Small government construction contractors often have difficulty obtaining required bonding–which sometimes causes them to turn to their subcontractors for bonding assistance.
But what if a subcontractor cannot (or will not) provide the necessary bonding assistance? According to a recent federal grand jury indictment, one California man took advantage of these situations by offering fraudulent bonds–at higher premiums–to government contractors. The man now faces the possibility of more than 30 years in prison.
A federal judge has sentenced a business owner to one year and one day in prison stemming from a guilty plea to charges of SDVOSB fraud.
The sentence, which also imposes a $399,000 fine, brings an end to a SDVOSB fraud story I first wrote about last year.
If you are planning to defraud the U.S. Government (and I certainly hope that you are not), your best bet is to avoid the U.S. Department of Transportation’s Disadvantaged Business Entity program.
Yesterday, the Department of Justice announced that a DOT DBE subcontractor had agreed to settle “pass-through” fraud claims for $936,000. The DOJ’s announcement comes on the heels of a June 6 press release touting a settlement of nearly $3 million, also stemming from alleged DOT DBE fraud.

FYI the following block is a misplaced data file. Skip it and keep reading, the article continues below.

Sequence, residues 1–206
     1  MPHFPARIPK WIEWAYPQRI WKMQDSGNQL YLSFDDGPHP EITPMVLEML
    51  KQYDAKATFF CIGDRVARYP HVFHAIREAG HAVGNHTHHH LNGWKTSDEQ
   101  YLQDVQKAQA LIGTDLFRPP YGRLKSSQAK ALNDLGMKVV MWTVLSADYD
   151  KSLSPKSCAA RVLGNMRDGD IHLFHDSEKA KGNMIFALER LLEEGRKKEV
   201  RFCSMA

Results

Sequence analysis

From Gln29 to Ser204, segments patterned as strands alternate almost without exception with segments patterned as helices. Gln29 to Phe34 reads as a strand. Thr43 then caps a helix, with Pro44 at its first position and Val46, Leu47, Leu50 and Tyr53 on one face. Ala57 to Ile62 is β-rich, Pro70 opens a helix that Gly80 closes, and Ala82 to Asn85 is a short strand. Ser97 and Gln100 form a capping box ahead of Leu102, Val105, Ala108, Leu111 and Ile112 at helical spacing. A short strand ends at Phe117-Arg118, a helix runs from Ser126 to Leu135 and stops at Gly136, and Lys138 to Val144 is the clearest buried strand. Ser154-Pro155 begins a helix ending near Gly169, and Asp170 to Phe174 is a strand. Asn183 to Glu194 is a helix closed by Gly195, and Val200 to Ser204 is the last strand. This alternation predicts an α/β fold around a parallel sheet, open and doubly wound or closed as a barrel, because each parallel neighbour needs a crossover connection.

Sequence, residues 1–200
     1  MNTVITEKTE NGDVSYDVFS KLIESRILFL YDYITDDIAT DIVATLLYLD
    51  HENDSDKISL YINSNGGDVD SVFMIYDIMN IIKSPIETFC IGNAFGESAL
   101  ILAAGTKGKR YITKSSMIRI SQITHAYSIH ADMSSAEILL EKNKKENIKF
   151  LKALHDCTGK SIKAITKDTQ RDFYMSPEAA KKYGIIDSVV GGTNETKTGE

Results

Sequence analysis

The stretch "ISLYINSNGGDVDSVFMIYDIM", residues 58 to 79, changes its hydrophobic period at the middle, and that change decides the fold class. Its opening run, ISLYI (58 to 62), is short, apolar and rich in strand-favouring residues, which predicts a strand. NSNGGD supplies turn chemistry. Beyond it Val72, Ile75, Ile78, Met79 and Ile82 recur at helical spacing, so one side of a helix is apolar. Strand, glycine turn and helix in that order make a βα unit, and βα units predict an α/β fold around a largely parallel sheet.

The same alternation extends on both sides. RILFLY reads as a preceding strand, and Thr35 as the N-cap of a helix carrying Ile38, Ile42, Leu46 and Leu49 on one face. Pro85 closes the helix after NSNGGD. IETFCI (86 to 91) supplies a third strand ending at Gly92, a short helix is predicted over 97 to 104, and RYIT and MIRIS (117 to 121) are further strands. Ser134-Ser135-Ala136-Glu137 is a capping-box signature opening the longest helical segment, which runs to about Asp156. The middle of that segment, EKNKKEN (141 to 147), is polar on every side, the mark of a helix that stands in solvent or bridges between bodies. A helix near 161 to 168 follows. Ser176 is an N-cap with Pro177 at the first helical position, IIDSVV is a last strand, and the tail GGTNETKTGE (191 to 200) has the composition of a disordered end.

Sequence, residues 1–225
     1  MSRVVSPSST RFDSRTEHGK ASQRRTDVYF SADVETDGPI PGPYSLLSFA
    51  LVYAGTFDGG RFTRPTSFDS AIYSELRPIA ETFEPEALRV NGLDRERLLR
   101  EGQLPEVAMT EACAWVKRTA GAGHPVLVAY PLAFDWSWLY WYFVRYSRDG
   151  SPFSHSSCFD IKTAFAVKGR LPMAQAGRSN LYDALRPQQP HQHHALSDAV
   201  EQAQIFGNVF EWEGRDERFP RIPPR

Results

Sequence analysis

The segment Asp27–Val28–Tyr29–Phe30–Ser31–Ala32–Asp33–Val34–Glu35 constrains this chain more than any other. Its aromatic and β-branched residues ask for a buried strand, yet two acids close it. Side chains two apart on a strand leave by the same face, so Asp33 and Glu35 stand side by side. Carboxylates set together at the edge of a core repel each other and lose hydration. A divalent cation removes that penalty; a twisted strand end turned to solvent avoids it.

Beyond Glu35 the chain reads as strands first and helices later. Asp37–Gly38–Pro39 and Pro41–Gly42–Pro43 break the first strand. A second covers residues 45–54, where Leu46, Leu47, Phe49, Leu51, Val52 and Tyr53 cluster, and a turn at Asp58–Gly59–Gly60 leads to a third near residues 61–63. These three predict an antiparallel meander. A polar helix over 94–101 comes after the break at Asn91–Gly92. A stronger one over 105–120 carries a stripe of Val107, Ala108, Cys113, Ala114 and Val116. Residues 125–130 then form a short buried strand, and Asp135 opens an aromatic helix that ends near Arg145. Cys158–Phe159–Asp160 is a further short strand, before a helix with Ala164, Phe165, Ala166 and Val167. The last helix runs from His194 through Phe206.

An Idaho contractor has been indicted on federal charges stemming from allegations that she fraudulently lowered her personal net worth in order to enable her company to be certified in the SBA 8(a) Program and the Department of Transportation’s Disadvantaged Business Enterprise Program.
According to a Department of Justice press release, the 8(a) and DBE fraud netted the contractor upwards of $9 million–and the Government wants its money back.
A Florida resident has pleaded guilty in an 8(a) Program fraud case that seemingly has it all in terms of small business violations, from affiliation to subcontracting limits.
According to a press release issued by the U.S. Attorney’s Office for the Eastern District of Virginia, Michael Dunkel has pleaded guilty on charges of major government fraud, and faces the potential of significant prison time when sentencing occurs this fall.
An Alabama-based construction company has agreed to pay more than a million dollars to settle allegations that it violated the False Claims Act by fraudulently representing that it was mentoring a minority-owned small business under the Department of Defense’s mentor-protege program.
The settlement puts to rest the Justice Department’s False Claims Act contention that the contractor used its so-called “protege” as little more than a pass-through entity and failed to provide real mentoring services to the small business.
Two brothers fraudulently misrepresented themselves to be service-disabled veterans and received $13 million in VA SDVOSB set-aside awards, according to a U.S. Department of Justice press release.
The brothers, Raymond Testa and Gerald Testa, both of New York, were recently arrested and charged with major wire fraud. If convicted, they face penalties of up to 10 years in prison and/or a fine of up to $1 million.